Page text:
Friday, August 16, 2013

Thetis Island, Canadian Gulf Islands

Days on cruise:  5

Distance traveled:  32.1 miles

Travel time:  2 hours, 43 minutes

We left Brentwood Bay in leisurely fashion Friday morning, stopped at brand new Mills Cove Marina for fuel, and continued up the west side of Saltspring Island through the strong eddies and turbulence of this narrow, deep stretch to Thetis Island, a place we’ve stayed 3 times previously.

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After docking and hooking up to 30amp electricity on the shore power pedestal, our Galvanic Isolator Monitor showed a “failure”message. We asked the dockmaster if a competent “electrical guy” was available on this tiny island, and then Bob went to work to see if he could solve the problem himself, having been told there is someone, but it might be hard to contact him now that it’s the weekend.


Cathryn (who is writing the first draft of this blog post, and knows Bob won’t likely add many details when he does a final read and edit) describes that he unscrewed some face plates on several “thingys”, disconnected some wires, reconnected and tightened them, did some more, and . . . voila! Problem solved. All this after moving from one spot on the dock to another, thinking there must be a fault in the power pedestal, as we’ve had no problem any previous night on this trip.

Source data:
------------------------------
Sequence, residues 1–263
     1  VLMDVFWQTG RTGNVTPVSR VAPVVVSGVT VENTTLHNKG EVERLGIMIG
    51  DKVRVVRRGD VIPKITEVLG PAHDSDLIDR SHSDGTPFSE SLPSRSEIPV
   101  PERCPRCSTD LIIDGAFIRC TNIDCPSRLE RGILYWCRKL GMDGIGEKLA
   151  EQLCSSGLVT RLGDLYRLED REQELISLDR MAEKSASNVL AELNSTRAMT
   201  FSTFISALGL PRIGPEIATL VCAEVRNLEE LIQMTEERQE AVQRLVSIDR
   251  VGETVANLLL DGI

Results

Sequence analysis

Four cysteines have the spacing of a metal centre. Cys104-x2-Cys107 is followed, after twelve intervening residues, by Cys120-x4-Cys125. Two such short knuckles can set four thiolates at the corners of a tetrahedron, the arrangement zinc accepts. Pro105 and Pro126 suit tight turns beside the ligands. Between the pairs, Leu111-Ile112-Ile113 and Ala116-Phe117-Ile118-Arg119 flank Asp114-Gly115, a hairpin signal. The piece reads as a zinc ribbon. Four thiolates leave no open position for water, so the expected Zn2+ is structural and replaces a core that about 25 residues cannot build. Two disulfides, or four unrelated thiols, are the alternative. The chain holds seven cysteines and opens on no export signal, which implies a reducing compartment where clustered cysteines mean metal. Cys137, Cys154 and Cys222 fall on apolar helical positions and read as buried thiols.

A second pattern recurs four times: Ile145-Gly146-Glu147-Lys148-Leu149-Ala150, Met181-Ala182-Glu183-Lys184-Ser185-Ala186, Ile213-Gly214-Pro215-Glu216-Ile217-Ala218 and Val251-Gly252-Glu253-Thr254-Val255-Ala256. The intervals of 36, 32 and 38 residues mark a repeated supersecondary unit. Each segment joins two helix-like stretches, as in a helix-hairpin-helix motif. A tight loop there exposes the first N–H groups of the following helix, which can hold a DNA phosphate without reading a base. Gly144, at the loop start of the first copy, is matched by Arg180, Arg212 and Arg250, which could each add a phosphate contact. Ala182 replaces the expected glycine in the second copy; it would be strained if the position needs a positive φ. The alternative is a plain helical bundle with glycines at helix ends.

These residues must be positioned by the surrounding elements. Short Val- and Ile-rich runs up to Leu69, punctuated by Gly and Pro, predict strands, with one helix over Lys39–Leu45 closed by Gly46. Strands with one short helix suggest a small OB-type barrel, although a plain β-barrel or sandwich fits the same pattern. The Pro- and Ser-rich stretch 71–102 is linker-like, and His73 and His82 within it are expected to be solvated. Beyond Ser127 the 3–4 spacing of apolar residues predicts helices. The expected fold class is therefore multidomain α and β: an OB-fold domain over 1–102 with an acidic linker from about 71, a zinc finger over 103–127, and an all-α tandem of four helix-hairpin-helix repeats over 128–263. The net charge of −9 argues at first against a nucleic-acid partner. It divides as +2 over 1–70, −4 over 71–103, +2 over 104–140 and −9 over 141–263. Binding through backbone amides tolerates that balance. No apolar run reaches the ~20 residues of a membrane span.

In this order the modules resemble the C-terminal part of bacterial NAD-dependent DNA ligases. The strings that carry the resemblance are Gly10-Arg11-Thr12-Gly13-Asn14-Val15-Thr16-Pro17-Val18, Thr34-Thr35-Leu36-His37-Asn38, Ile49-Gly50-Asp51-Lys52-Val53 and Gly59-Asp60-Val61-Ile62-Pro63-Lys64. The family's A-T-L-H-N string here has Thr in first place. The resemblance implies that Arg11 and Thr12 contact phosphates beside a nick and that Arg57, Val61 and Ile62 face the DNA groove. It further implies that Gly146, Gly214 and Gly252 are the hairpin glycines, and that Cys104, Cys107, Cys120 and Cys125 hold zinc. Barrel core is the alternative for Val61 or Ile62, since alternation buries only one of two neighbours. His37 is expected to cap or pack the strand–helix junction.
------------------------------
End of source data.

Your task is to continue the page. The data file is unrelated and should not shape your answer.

Ah, boats! Electrical problems are among the scariest boaters can encounter, as we’ve met one person whose boat burned to the waterline in less than 15 minutes, and another whose electrical connection burned, but “put itself out” without the boat owner finding it, til later. Loose electrical connections can last for years in a house, but on a boat that bangs around on the water, they only get looser and cause problems, mostly over-heating, and causing fires if left unattended.


Thetis Island Marina is very pretty, and mostly filled with sailboats. There’s another, “fancier” marina a short distance north in Telegraph Harbor where most of the motor vessels seem to go. We like this one better. We’re still trying to sort through all the “stuff” that separates sailors from motor boaters and don’t always understand it.


The morning was a mix of clouds and fog, but the sun came out in the afternoon, and it got nice and warm.


We went for a walk up the hill from the marina and enjoyed a leisurely nap, book reading and chatting with nearby boaters. Does this sound like déjà vu?

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